28Apr

Let’s Talk About Baltimore

…only, I won’t be the one talking. Instead, I’d like to invite you to listen to these voices with me instead:

From Ta-Nehisi Coates:

Now, tonight, I turn on the news and I see politicians calling for young people in Baltimore to remain peaceful and “nonviolent.” These well-intended pleas strike me as the right answer to the wrong question. To understand the question, it’s worth remembering what, specifically, happened to Freddie Gray…

When nonviolence is preached as an attempt to evade the repercussions of political brutality, it betrays itself. When nonviolence begins halfway through the war with the aggressor calling time out, it exposes itself as a ruse. When nonviolence is preached by the representatives of the state, while the state doles out heaps of violence to its citizens, it reveals itself to be a con. And none of this can mean that rioting or violence is “correct” or “wise,” any more than a forest fire can be “correct” or “wise.” Wisdom isn’t the point tonight. Disrespect is. In this case, disrespect for the hollow law and failed order that so regularly disrespects the rioters themselves.

[Continue reading Nonviolence as Compliance]

From Rev. Dr. Michael Waters:

Multitudes have protested peacefully in Baltimore and around the nation. Yet, a question now arises as to what should be done in response to the violent protests presently unfolding on the streets. Both King and Shakur, themselves young Black men who were victims of horrific acts of violence, would caution America to respond responsibly. For only to address the violence of a minority of protesters and not the systemic violence that has set the stage for their responses would be to reveal historical ineptness…

Baltimore is but a sign of a people who can take no more. While we may not agree with the response, we cannot overlook the cause of the response. Just as Lamar listened to frustrations rendered a generation ago, it is time for us all to listen, anew.

[Continue reading Mortal Men and the City of Baltimore]

From Leah Balter:

I was crushed not because the violence lasted longer than the peace, but because the revolution Baltimore worked hard to create was not televised for what it truly was or is. The revolution was televised as angry citizens burning flags, looting stores and breaking police car windows. This is a skewed portrayal of the protests; it is what the media chose to portray — the media that consumers bewilderingly seem to want.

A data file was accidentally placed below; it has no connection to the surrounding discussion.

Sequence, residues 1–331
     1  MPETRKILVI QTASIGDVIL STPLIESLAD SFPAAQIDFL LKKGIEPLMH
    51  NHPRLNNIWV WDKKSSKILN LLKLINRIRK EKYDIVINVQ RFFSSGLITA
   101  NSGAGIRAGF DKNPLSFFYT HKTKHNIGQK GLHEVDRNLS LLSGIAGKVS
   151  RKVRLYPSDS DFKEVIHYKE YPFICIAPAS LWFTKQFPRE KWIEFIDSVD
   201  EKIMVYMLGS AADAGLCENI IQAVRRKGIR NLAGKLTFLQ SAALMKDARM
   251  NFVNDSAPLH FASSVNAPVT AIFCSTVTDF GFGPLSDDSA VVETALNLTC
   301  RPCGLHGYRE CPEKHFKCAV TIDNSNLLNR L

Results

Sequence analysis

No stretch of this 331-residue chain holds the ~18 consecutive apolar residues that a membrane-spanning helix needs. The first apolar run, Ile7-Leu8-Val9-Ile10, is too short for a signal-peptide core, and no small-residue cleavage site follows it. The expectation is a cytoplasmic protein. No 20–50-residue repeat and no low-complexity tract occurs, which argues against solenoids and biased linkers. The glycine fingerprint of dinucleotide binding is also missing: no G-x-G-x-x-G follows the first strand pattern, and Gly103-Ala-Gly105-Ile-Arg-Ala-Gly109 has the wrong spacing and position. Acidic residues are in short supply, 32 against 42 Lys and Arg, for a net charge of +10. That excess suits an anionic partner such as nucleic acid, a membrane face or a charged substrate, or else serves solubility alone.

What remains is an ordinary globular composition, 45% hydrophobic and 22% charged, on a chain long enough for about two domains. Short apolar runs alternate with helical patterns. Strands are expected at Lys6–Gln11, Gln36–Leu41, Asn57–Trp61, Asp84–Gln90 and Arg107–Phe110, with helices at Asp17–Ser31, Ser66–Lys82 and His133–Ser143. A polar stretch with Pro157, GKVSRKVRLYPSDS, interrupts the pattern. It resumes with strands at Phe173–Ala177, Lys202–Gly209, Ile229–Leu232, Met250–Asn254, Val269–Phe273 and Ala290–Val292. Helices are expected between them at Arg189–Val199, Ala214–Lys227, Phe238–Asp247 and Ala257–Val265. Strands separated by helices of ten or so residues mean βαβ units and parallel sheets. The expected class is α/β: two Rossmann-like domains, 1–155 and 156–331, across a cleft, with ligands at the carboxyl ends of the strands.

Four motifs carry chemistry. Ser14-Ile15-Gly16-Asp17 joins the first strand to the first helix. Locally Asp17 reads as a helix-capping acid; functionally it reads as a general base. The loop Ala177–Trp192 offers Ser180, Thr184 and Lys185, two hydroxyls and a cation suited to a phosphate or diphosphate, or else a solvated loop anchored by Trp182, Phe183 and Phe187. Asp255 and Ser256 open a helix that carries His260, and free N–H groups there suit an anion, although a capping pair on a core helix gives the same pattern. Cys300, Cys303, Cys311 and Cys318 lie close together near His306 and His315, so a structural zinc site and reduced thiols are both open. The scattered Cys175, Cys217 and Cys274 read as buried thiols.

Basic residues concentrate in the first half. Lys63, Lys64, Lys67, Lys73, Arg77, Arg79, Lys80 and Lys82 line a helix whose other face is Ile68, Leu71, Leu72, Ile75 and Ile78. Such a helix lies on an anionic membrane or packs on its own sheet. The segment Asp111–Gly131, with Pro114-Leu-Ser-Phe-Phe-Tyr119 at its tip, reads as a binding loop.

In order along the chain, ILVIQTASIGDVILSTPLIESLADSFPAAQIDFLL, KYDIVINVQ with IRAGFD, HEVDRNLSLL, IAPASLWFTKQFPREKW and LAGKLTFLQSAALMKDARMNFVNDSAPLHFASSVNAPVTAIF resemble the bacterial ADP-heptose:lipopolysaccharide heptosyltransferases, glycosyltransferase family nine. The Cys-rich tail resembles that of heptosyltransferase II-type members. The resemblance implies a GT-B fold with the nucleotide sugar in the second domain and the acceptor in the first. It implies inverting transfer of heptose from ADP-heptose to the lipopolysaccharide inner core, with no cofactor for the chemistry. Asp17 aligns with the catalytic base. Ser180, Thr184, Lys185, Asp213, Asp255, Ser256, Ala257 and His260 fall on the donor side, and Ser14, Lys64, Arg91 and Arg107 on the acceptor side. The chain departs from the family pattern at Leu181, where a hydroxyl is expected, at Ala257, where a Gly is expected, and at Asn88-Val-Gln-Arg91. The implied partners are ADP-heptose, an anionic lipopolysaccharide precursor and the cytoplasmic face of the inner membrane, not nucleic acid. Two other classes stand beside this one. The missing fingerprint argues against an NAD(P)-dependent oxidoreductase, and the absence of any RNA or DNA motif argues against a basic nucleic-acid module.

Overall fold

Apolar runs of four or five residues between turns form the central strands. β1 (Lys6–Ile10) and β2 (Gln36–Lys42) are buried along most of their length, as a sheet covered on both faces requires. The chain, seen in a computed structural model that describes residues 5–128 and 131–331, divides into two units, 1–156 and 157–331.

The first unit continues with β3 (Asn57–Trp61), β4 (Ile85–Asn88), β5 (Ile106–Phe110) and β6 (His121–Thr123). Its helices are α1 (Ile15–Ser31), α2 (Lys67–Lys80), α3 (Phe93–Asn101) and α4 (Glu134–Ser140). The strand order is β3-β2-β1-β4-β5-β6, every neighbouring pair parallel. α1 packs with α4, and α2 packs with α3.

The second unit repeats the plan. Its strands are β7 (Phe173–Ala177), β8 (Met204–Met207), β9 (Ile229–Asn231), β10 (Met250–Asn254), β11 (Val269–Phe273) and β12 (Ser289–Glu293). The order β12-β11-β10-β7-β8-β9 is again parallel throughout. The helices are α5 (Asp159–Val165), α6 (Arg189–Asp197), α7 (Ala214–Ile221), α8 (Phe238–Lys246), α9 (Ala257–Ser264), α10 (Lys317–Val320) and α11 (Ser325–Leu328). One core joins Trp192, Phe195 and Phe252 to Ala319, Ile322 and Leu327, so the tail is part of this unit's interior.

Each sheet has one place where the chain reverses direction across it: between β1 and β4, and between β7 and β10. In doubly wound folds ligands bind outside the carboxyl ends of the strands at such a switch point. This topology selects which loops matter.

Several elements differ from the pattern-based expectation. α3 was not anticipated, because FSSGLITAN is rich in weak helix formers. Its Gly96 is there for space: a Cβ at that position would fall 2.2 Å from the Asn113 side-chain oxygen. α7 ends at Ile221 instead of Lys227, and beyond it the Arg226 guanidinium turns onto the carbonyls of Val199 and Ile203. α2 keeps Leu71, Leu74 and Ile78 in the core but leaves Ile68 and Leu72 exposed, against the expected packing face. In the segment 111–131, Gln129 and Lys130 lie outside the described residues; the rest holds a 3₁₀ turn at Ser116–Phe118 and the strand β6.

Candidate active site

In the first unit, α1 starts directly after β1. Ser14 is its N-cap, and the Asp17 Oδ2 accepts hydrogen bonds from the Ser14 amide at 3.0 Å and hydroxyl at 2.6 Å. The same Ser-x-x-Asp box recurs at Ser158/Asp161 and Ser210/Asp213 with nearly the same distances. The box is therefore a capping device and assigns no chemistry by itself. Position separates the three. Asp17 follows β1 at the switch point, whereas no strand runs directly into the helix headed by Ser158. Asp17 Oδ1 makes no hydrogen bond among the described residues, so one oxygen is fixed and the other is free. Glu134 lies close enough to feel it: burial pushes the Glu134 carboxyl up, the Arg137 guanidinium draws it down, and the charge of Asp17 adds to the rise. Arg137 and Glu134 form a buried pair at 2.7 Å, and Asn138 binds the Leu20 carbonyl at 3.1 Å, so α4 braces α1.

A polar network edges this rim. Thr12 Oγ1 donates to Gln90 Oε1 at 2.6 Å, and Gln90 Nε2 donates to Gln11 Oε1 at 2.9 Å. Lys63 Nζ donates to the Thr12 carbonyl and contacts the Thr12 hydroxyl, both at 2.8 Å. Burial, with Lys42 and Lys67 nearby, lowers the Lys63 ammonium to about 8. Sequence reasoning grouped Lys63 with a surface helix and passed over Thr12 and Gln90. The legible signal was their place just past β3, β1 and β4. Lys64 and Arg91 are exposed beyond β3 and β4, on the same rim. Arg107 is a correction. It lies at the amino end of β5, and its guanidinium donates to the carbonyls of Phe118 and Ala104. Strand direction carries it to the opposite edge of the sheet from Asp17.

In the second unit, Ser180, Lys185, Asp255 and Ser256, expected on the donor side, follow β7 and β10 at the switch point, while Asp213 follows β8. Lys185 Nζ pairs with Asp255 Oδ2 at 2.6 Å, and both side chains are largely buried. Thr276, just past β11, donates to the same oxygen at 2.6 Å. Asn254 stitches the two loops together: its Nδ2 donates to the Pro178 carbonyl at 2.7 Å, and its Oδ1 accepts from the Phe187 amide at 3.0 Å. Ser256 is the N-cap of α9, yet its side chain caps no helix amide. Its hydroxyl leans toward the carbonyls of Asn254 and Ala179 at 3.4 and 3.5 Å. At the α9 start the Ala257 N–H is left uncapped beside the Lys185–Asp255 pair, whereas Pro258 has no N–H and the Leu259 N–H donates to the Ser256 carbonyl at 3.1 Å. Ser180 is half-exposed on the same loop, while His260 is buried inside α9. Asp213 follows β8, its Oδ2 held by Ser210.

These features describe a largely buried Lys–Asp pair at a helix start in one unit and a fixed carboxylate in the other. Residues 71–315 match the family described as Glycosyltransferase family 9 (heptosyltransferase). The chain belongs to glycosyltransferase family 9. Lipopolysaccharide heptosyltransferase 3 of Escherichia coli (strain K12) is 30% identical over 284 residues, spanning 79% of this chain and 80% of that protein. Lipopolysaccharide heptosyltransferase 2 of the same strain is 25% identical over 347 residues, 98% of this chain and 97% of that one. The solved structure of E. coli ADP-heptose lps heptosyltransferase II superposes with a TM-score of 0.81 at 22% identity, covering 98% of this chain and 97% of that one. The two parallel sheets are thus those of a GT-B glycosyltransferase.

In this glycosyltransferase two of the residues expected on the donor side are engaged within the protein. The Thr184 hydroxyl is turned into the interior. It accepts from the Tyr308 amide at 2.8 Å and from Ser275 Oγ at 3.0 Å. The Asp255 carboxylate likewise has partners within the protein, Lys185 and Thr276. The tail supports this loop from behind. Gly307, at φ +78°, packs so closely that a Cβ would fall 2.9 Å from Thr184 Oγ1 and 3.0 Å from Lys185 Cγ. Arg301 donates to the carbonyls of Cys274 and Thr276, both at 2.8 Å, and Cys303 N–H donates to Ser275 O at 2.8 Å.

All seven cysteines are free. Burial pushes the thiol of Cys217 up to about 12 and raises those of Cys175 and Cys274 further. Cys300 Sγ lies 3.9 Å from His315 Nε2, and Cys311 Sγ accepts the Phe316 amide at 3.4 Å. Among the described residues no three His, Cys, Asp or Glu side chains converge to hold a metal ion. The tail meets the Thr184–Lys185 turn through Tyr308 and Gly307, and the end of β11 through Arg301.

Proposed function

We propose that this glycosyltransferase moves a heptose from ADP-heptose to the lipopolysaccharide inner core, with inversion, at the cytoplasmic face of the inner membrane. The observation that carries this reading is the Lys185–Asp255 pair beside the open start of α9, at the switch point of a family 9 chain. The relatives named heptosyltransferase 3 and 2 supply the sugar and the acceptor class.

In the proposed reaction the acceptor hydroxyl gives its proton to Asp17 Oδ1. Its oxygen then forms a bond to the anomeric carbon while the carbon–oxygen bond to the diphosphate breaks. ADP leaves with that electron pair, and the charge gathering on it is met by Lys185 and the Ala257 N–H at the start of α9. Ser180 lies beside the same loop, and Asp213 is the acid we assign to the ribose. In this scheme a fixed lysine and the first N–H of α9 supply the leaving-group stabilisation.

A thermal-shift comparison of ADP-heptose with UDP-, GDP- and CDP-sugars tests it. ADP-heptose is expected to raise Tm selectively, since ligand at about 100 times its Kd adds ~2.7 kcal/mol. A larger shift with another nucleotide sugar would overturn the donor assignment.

The real revolution is thousands of people across America standing in solidarity against police brutality. The real revolution is youth activists using their voices and their fearlessness to fight for the future of their generation. The real revolution is people of different races walking through the streets of inner city Baltimore, arms locked, chanting “All night, all day, we will fight for Freddie Gray.”

[Continue reading Baltimore’s real, untelevised revolution ]

From a news interview with members of various gangs who met with clergy on Sunday in Baltimore and signed a peace treaty to help their city:

“I don’t agree with what’s going on, but I understand what’s going on, you know what I’m saying? I understand why people mad. But we gotta handle things another way.”

“Me, I basically think the same thing. I mean, we’ve been out here all trying to stop, prevent people from breaking the stores. They hit us with a bomb, they burnt my shirt, they ripped it, and we were still standing right there as a whole. They heard it, but we came right back there holding hands together, and we still, we marched together. Down here, we’re still holding strong. We just want them to stop hurting us so we can just live our life and keep going.”

“Outta all the thousands of people that were down there, you mean to tell me you guys are pointing the finger at us ‘cause we have colors on? No. We’re not, we can’t have that. That is not what we stand for, and that’s not what we’re standing for today. Justice for Freddie Gray.”

“Justice.”

“Justice.”

“Justice.”

“Justice.”

“Justice.”

[Watch the whole video (it’s worth it).]

And in case you haven’t seen this quote floating around yet, this—from Rev. Dr. Martin Luther King, Jr:

I would be the first to say that I am still committed to militant, powerful, massive, non­-violence as the most potent weapon in grappling with the problem from a direct action point of view. I’m absolutely convinced that a riot merely intensifies the fears of the white community while relieving the guilt. And I feel that we must always work with an effective, powerful weapon and method that brings about tangible results. But it is not enough for me to stand before you tonight and condemn riots. It would be morally irresponsible for me to do that without, at the same time, condemning the contingent, intolerable conditions that exist in our society. These conditions are the things that cause individuals to feel that they have no other alternative than to engage in violent rebellions to get attention. And I must say tonight that a riot is the language of the unheard.

[Continue reading The Other America]

Do you have any links to suggest from other voices who need to be heard right now?

We’re listening.

 

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One comment

  1. This is powerful. I read some of the above before I came here. I love MLK. Love him. He exudes power even after he has been gone for so long. I often wonder what the world would be like had he not been killed. Would we be further along the path? I like to think so.

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